MirrorDanse Books (2005)
Reviewed by Lorraine Cormack (this review was first published in June 2009)
Confessions of a Pod Person is a collection of short stories, the majority of which have been previously published in a period spanning 2002 to 2005. Given the wide variety of publications in which they appeared, if you read much Australian speculative fiction, you’ve probably come across at least one of these stories before.
The ideas behind most of these stories aren’t particularly original, and the commentaries by McKenzie suggest he’s well aware of this. Nor are they strongly plotted stories; I’d be inclined to describe most as vignettes, or at best, skits.
And yet, this collection, and most of the stories in it, work. McKenzie writes humorous science fiction, and most of these stories are successfully amusing. None were really uproarious (but then, humour is a personal thing; some of these stories may have you rolling on the floor where I didn’t), but neither did they fall flat. There’s a wryness to the humour in many of these stories that will raise a smile from most readers.
The characterisation is a strength; I must say that a lot of the protagonists were fairly interchangeable, but they were nevertheless believable. Where the reader needs to empathise with them, they do. Each character behaves credibly within their story and you can believe in them.
In general, the writing is good too. McKenzie doesn’t go in for big flourishes; he uses a direct, simple style that is nevertheless vivid and flows well. There are some small problems, but it’s hard to tell whether they’re problems with his original writing or with proofreading; “annunciating” is used for “enunciating” for example, and “proscribed” for “prescribed”. The main difficulty with this sort of small error is that it’s a distraction from the story; for me at least, my internal editor takes over to figure out what word should have been used. That means I lose the flow of the story and am no longer immersed in it. And in a short story, you don’t have a lot of time to get caught up again before it’s over. There are, however, very few of these errors.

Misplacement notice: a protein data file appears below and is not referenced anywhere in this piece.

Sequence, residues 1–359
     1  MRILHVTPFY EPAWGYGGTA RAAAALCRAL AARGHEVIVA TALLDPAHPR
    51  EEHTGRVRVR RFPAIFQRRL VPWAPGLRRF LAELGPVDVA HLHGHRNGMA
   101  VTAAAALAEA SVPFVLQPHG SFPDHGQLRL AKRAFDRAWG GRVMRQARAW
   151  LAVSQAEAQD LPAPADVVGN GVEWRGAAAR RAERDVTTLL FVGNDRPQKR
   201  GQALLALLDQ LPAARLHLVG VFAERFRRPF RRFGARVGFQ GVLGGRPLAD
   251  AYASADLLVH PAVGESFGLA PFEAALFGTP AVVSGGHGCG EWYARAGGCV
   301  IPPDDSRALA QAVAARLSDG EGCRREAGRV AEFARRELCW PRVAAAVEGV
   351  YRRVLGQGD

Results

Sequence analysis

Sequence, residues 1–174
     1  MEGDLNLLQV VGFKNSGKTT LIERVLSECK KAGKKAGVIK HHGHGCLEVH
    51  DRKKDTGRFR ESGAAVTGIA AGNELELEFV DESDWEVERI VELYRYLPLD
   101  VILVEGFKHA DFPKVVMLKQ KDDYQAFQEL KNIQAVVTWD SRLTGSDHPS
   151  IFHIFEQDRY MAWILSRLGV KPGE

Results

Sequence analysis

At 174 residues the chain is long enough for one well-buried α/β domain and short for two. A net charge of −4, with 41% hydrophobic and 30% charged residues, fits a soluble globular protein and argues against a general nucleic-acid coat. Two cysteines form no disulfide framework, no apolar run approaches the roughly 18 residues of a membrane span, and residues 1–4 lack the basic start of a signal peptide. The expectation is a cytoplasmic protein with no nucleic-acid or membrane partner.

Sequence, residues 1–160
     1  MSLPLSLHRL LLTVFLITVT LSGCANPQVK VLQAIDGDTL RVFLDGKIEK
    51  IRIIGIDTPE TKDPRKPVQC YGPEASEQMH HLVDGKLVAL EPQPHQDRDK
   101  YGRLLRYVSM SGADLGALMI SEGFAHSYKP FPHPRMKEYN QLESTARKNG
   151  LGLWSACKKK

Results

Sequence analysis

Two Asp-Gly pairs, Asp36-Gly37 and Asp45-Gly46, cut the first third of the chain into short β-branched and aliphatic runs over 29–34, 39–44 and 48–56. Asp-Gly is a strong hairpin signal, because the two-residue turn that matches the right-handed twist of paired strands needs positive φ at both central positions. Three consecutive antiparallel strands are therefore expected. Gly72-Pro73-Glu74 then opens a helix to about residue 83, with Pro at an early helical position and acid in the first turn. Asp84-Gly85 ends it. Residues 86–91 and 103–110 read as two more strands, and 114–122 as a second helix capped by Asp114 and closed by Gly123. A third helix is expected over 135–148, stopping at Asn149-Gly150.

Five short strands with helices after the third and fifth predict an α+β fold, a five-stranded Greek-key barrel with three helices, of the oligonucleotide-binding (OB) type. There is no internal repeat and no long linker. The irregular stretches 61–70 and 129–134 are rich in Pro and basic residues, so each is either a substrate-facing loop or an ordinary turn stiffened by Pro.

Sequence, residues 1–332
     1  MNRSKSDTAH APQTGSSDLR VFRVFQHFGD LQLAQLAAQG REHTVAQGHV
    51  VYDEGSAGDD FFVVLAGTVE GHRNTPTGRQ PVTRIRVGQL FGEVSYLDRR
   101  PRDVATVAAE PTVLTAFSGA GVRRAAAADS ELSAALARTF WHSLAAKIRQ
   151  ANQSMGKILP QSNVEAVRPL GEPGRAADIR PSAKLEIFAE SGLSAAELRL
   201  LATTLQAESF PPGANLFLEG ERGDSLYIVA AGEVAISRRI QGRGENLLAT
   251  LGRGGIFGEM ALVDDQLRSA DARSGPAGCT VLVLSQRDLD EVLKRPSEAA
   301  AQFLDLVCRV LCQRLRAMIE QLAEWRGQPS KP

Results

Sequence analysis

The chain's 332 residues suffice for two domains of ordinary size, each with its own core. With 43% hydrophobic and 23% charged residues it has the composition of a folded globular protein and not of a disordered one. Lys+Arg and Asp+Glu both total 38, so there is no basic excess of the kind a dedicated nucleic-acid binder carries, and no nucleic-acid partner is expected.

While I said that these are not strongly plotted stories, that doesn’t mean that what plots do exist are weak. The plots are very simple, and most of the twists are fairly obvious – but the plots are logical, there are no gaps or cheats, and each story hangs together nicely.
The pick of the bunch for me was the exceptionally short “Howler” and the particularly funny “All I Want for Christmas”, the story of a Santa Claus finding his clientele a little harder to deal with than he expected. “Conquest” also raised a particularly wide grin, even though it depicted the inevitably successful conquest of earth.
There were no really bad stories in this collection, although for me “Catflap” fell flattest, as the punchline (so to speak) was so very obvious so very early in the story. I also found “Retail Therapy” – the story of a shop assistant having a very bad day – and “Eight-Beat Bar” – the tale of a DJ who finds himself in hell – fairly slight stories without much to smile at. Some of the longer stories suffered a little from the slightness of their plots; I’m not sure there was quite enough to sustain them.
This is a pleasant collection. I enjoyed it, and I won’t hesitate to read more of McKenzie’s work. This collection is light-hearted and fun, and most readers should find something to enjoy in it.